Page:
Norwegian: Stille og inderlig Jesus deg kaller
Text: William Lamartine Thompson (1847-1909) Tune: William Lamartine Thompson (1847-1909)
1. Softly and tenderly Jesus is calling, Calling for you and for me; See on the portals He's waiting and watching, Watching for you and for me.
R/Come home, come home, Ye who are weary come home. Earnestly, tenderly Jesus is calling Calling, "O sinner come home."
2. Why should we tarry when Jesus is pleading, Pleading for you and for me? Why should we linger and heed not his mercies, Mercies for you and for me?
3. Time is now fleeting, the moments are passing,
Passing from you and from me; Shadows are gathering, deathbeds are coming, Coming for you and for me.
4. O for the wonderful love he has promised, Promised for you and for me! Though we have sinned, he has mercy and pardon, Pardon for you and for me.
Most of us have had that moment, in a far country, when we have come to ourselves and said, “Why am I here? I could be at home.” For many that may mean negotiating a treaty, begging forgiveness, or maybe even being met with joy by parents who thought you were dead.
That is the universal appeal of the story of the Prodigal Son. There is a place to go, a loving father waiting to welcome us like royalty, with good food, clean clothes and a party.
The revivalists like Dwight Moody and his generation who spoke to thousands upon thousands knew this longing and used it. The yearning for connection and home must have been especially strong in the 19th century as young people, no longer needed on the farm because machines were starting to take over tedious jobs, flocked to the cities. While exciting, many a young person met disaster there. In fact, the church organizations built institutions to meet this need after the Civil War into the early part of the twentieth century that would tell parents that their daughter or son could be met by some group or another and taken to a dormitory, or hotel, maybe, where they would be safe while they sought to establish themselves in the new environment.
My grandmother Anda came to Minneapolis in 1913 to take voice lessons. Her mother made sure that she was met at the train by some Deaconesses from the motherhouse in Minneapolis. Their advertising to parents often contained vivid stories of how a young girl had been misled on coming to the city and met disaster. Young men could find similar places in the city. Their feelings of being on an exciting new venture was probably equalled by their longing for home.
The evangelists knew this. There was no more effective song dealing with that longing than this one. When Dwight L. Moody was near death, no one was allowed in his room. When he heard, however, that Thompson was outside the door, he invited him in. During the course of their brief conversation, Moody said that he would have rather written this hymn than all that he had written. It did more to bring people home than anything else he could say.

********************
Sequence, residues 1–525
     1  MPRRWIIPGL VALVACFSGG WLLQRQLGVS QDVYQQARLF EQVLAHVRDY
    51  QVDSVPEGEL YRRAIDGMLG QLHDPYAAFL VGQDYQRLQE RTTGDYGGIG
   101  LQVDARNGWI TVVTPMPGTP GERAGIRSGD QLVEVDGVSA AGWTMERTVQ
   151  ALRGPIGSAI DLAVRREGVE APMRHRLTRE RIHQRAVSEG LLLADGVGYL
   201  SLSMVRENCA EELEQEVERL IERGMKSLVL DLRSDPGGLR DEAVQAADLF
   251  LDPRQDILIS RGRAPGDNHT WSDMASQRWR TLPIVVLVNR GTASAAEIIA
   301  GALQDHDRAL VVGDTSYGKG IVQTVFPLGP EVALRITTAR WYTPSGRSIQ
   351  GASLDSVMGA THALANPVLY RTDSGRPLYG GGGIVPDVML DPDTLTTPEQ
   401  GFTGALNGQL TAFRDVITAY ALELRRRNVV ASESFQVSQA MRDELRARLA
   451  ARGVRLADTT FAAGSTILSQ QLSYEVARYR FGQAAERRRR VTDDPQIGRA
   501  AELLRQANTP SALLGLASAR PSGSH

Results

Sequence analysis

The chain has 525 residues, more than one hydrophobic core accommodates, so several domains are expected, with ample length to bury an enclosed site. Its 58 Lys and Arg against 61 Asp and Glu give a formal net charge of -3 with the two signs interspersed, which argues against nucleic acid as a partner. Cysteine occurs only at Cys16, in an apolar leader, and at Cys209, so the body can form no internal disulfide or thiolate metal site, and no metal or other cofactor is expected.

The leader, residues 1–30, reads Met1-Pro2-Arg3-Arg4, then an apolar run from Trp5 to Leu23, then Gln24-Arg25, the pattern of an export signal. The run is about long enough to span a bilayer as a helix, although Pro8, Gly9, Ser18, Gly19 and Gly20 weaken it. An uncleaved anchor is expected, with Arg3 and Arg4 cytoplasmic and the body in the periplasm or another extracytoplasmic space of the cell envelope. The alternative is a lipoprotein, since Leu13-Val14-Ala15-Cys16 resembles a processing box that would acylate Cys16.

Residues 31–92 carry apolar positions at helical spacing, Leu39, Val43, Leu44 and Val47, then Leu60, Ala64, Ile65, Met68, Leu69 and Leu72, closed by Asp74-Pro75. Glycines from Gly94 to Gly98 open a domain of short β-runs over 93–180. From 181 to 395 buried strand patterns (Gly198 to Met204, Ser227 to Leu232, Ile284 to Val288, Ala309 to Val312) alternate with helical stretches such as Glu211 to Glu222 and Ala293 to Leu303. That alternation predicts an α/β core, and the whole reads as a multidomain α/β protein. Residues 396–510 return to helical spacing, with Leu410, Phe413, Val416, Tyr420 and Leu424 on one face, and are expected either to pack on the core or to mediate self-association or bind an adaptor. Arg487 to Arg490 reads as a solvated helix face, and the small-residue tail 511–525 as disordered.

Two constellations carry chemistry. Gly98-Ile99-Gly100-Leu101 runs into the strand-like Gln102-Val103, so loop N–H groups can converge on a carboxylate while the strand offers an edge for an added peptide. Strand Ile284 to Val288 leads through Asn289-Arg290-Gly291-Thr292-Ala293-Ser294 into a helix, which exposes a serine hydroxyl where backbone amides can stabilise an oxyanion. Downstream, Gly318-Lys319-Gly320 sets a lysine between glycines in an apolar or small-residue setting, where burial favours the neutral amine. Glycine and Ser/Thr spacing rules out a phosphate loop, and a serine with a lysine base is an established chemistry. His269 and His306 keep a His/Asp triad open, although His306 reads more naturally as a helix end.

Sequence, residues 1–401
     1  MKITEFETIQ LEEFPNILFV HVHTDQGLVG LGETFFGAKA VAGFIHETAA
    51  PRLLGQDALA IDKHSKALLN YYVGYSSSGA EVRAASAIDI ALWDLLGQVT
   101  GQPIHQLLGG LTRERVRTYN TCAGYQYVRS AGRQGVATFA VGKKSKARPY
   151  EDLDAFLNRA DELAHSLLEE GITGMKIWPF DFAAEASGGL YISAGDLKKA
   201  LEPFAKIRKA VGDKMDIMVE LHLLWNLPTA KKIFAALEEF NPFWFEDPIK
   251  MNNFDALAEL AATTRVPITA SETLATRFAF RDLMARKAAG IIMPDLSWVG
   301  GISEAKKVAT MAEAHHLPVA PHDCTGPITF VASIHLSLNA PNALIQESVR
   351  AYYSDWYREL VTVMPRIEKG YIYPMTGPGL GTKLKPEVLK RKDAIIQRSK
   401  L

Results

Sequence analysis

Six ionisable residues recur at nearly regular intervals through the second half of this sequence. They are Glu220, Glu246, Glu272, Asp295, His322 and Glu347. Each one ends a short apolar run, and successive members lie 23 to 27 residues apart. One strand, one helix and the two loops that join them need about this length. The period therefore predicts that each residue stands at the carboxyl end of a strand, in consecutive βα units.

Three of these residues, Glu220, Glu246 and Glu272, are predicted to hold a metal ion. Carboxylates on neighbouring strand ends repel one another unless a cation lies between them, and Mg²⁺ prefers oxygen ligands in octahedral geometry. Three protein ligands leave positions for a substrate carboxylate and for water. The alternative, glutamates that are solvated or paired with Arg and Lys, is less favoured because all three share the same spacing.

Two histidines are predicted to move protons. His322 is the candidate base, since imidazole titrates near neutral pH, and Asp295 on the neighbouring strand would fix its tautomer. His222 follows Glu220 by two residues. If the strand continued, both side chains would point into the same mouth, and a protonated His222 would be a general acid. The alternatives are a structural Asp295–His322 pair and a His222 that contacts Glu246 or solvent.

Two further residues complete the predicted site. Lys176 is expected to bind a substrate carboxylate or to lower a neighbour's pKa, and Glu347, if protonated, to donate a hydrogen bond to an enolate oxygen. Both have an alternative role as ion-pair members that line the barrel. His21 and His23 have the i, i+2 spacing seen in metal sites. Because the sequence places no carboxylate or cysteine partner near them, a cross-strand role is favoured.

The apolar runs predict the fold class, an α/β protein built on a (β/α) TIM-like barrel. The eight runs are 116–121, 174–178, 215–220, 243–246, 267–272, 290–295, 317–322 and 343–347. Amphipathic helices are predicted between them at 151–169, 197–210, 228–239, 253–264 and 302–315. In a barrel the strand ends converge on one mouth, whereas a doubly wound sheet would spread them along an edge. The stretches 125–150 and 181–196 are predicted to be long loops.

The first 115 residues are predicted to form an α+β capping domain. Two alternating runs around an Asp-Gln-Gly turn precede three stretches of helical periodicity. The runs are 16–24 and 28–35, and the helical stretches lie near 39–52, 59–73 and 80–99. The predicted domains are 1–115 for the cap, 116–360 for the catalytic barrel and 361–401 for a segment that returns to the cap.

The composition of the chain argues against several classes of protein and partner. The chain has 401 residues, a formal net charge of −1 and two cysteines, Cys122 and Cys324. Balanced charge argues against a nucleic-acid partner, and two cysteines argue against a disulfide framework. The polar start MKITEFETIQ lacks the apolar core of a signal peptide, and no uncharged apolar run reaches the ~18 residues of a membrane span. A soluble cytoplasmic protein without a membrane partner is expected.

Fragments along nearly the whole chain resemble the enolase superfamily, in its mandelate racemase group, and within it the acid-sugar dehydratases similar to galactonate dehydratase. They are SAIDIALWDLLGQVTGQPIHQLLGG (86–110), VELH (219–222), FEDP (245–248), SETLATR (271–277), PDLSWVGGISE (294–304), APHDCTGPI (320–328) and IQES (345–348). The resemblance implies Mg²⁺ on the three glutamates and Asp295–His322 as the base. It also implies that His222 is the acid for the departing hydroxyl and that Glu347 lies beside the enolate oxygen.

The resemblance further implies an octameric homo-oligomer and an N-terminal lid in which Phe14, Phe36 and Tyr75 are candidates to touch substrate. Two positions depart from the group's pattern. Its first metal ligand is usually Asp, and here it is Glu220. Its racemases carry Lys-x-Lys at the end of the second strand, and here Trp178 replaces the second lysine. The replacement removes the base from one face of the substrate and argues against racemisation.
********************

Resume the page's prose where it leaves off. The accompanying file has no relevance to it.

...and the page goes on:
As we grow older the places we can go to be at home grow fewer and fewer. We turn our eyes toward the home that Jesus promises us—a place with many mansions, where he, his Father and the Spirit will dwell with us—and we will be united with them forever. Everything in us that longs to be made whole and brought home will be. No wonder the prodigal son story has been so central to the Christian story. It gives us the assurance of a place to go, even as we live here in our Lord. A wonderful love we can find nowhere else. And so freely offered to us now.
Thompson was born in Liverpool, Ohio, to a successful businessman and politician. Thompson composed music even as a teen, working on both tunes and texts. He enrolled at the New England Conservatory of Music and then studied in Leipzig, Germany for some time. When he returned, he found that the best way to get his music published was for him to build a company that would do so. The W. L. Thompson Music Company became one of the most successful businesses in the country. He sold sheet music, instruments and many other musical supplies to the music teachers and musicians around the country. He built another company in Chicago that did much the same thing.
This hymn is maybe the classic of the gospel song genre. It has been the sound track for movies, from Trip to Bountiful, A Prairie Home Companion, and the television series True Blood. It was sung at the funeral of Dr. Martin Luther King, Jr. It has been translated into many languages. Many a soul has been saved after hearing a rousing sermon, receiving the invitation, and then walking down the sawdust trail while the congregation and choir sang this song.
Carrie Underwood https://youtu.be/EEY0eshiEmE
First Plymouth Church Lincoln, Nebraska, Rene Clausen’s arrangement
Mormon Tabernacle Choir
Trip to Bountiful version